Analysis: Is Instructure’s Transaction Rigged? SEC’s Statements Show a Transparent Process

Mikel Amigot | IBL News, New York

When in mid-November the first activist investor put its eyes on Instructure/Canvas LMS, the edtech startup entered a phase of uncertainty.

It happens. When Wall Street smells serious money on a potential buyout, soulless executives emerge, trying to control the narrative.

No surprise that quiet workers at Canvas in Salt Lake City are still in shock.

Now, they see how their company is publically portrayed as a rigged machine, riddled with conflicts of interest, and setting a dishonest process to avoid superior offers.

On February 13, 2020, at the special meeting of stockholders in Salt Lake City, Utah, shareholders will vote on the proposed transaction with Thoma Bravo. At that moment we will discover what the play of many opposing shareholders is and what’s real vs. distracting smoke.

In the meantime, an attentive reading of the filings to the SEC can provide us with an immediate clue.

Indeed, the December 23, 210-pages proxy statement about the proposed acquisition is a gold mine. It allows anyone to understand what’s going on beyond the negative public messages towards Instructure’s management team.

Investors and analysts who said the process is unfair and obscure will find on pages 26 to 43 plenty of details showing that the Board ran a rigorous and transparent process, evaluating dozens of proposals. The transaction took into account the evolution of the industry and possible alternatives. There were 55 contacted parties; early 20 went under NDA. And Thoma Bravo’s $2 billion all-cash bid was superior in value.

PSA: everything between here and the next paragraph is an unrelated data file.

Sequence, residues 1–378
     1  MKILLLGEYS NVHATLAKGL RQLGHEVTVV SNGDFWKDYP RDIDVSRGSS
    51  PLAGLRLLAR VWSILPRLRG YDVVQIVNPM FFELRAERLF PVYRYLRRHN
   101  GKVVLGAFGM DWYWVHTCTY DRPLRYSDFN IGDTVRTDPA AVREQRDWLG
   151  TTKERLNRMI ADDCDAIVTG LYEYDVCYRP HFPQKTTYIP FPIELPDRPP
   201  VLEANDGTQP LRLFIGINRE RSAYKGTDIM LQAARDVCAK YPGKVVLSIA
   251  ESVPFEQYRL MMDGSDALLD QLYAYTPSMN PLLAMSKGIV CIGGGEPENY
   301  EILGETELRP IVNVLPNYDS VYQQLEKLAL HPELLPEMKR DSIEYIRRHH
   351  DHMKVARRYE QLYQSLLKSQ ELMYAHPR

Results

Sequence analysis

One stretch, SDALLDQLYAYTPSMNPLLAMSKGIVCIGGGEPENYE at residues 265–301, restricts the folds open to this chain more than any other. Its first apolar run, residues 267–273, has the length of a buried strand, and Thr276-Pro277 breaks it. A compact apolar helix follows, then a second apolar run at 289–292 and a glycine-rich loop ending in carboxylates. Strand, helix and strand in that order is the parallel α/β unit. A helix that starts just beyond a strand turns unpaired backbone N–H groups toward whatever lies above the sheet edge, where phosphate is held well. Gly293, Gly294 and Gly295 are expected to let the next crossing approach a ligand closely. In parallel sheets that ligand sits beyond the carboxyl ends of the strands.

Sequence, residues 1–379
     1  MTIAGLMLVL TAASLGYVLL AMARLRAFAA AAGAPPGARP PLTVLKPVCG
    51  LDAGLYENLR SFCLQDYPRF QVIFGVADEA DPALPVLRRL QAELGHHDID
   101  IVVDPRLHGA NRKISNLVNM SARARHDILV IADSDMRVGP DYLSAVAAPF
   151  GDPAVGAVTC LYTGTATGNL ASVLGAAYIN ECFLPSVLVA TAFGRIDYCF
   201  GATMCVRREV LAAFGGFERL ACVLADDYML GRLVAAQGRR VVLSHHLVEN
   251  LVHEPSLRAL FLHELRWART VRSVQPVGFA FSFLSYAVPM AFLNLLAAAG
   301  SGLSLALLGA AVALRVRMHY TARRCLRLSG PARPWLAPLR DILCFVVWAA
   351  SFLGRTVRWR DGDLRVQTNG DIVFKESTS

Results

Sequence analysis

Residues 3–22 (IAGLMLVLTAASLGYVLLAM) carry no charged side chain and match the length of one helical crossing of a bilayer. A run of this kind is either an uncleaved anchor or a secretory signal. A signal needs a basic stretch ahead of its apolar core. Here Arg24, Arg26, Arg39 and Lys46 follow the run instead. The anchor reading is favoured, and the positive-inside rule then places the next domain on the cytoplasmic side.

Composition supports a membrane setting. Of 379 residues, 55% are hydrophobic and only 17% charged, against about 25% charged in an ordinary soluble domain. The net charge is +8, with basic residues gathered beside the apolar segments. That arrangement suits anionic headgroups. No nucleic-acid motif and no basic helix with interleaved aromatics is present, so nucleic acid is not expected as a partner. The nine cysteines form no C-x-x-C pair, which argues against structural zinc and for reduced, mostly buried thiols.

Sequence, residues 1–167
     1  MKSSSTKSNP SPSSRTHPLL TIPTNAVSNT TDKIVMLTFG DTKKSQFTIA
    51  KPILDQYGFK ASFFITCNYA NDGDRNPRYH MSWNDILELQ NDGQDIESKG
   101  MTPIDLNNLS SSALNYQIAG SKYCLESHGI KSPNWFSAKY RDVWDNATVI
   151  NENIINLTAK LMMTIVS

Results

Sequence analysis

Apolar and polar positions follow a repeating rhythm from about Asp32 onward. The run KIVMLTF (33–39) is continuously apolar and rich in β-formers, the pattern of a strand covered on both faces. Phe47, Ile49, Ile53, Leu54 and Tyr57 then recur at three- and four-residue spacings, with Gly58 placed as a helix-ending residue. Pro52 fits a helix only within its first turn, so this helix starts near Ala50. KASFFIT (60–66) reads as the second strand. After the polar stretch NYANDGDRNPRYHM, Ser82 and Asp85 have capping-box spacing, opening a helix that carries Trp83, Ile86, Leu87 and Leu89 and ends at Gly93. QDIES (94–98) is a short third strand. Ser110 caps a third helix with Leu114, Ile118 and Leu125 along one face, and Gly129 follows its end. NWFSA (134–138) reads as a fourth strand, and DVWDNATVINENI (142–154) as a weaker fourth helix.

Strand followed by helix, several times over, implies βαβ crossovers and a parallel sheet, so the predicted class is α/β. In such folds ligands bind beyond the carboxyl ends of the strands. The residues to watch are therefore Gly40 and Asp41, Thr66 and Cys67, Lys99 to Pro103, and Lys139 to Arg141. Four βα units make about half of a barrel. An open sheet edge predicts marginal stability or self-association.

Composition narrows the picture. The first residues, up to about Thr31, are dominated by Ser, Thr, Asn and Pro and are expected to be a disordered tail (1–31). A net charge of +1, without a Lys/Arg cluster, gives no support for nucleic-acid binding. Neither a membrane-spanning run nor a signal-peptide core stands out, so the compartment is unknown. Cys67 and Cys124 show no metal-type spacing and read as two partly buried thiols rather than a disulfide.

The speculation that the deal is pierced with conflicts of interests and CEO Dan Goldsmith was hired to primarily sell the company and benefit Thoma Bravo doesn’t seem accurate. In fact, Goldsmith [in the picture above] wasn’t part of the transaction committee and did not have a role there, according to the proxy. The statement also shows that he regularly talked to many bidders over the course of many months, reporting such interests to the Board.

Inevitably, the CEO of an NYSE or Nasdaq traded company is always under suspicion when high compensations are on the table. However, in this case, the decision to proceed with the transaction with Thoma Bravo came unanimously from the Board.

Dealing with the SEC is no joke and Instructure reflects on their documents (pages 27, 42-46) that to avoid the appearance of impropriety, on multiple occasions Dan Goldsmith left the room, being excused from the Board’s deliberations or debates where conflicts existed. The Company’s secretary kept track of inbound logs to ensure that the process was overseen by the board.

In the end, the market dictates the price and the SEC regulates and protects investors.

We will see soon if Instructure is finally taken private and whether Thoma Bravo decides to grow the company or break it into multiple pieces, extracting value from the Bridge corporate platform, the leading position of Canvas and especially the hidden wealth of users’ data.

The reality detailed by the SEC filings doesn’t show any deceptive or misleading tactics played by Instructure Inc.

It looks like that some high-profile investors do not accept the price of $47.60 in cash per share.  They might believe that winning the public perception battle enhances their negotiating position to obtain a higher price.

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